Cancer Immunotherapy: Cancer Vaccines

Cancer vaccines are typically prepared with antigen presenting cells such as plasmacytoid or myeloid dendritic cells (DC). Tumor associated antigens (TAA) can be derived from whole tumor cells, tumor cell lysates, or synthetic peptides from tumor lysates. DC are pulsed with the TAA which are presented on the DC surface in complex with MHC molecules. Alternatively, DC can be transduced with a vector encoding the TAA. DC presenting tumor-specific antigens can trigger tumor-specific cytotoxic NK and CD8+ T cells, leading to tumor regression.


DC Isolation/Expansion

Begin your DC-based vaccine protocol with the best possible preparation of dendritic cells. Characterize your cells thoroughly to make sure you have the ones you want.

Antigen Presentation

Tumor-specific immune responses are enhanced by the internalization, processing, and presentation of tumor-associated antigens by dendritic cells. Take a look through our products for antigen presentation research.


Dendritic Cell Subsets

Multiple subsets of dendritic cells are distinguished by phenotype and function. They may exhibit distinct effectiveness when used as the base of a cancer vaccine in different settings.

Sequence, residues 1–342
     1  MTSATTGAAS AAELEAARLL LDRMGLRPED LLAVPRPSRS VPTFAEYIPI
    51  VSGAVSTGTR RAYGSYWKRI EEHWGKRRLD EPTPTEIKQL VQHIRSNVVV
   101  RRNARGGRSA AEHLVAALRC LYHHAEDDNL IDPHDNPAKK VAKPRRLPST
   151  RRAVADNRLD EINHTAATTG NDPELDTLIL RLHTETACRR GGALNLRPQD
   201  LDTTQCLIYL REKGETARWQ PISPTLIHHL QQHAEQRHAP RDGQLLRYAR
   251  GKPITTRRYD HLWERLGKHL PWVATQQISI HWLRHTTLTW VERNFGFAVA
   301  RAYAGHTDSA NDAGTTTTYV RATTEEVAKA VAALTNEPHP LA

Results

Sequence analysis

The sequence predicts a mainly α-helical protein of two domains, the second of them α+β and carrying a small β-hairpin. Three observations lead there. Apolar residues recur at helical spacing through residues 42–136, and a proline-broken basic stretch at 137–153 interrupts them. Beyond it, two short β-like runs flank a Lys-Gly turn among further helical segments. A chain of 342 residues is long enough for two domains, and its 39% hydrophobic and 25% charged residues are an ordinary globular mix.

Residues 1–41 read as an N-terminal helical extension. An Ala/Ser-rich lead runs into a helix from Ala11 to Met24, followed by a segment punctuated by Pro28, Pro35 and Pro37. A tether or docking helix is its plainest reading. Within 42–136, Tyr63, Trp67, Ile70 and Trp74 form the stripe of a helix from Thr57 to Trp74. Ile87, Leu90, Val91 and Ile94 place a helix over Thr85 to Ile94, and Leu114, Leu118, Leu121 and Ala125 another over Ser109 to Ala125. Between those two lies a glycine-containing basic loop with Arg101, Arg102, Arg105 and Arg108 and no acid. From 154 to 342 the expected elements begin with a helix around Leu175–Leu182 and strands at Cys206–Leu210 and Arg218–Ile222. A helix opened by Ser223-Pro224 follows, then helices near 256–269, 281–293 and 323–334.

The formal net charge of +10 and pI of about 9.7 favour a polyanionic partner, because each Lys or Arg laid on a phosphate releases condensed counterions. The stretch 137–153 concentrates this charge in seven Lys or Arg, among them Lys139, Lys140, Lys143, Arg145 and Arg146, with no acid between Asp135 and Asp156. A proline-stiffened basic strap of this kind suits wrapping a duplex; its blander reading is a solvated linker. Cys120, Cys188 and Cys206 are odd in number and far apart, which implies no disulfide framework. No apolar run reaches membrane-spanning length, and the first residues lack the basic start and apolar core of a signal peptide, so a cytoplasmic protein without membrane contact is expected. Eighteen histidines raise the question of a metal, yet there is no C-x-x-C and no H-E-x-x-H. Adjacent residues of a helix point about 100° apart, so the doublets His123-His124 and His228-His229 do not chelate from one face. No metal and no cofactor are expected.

Inducing DC Maturation

The activation state of dendritic cells is critical to making your cancer vaccines as effective as they can be. We offer a broad range of reagents that can promote or inhibit dendritic cell maturation.


Immunogenic Cell Death

ICD refers to cell death other than controlled apoptotic cell death. It results in the exposure of normally intracellular molecules to the immune system, leading to an inflammatory reaction.

Vaccine Monitoring

After vaccine administration, monitor vaccine stability and the development of an immune response.


Cancer Immunotherapy Research brochure
Dendritic Cells brochure
Dendritic Cells research area
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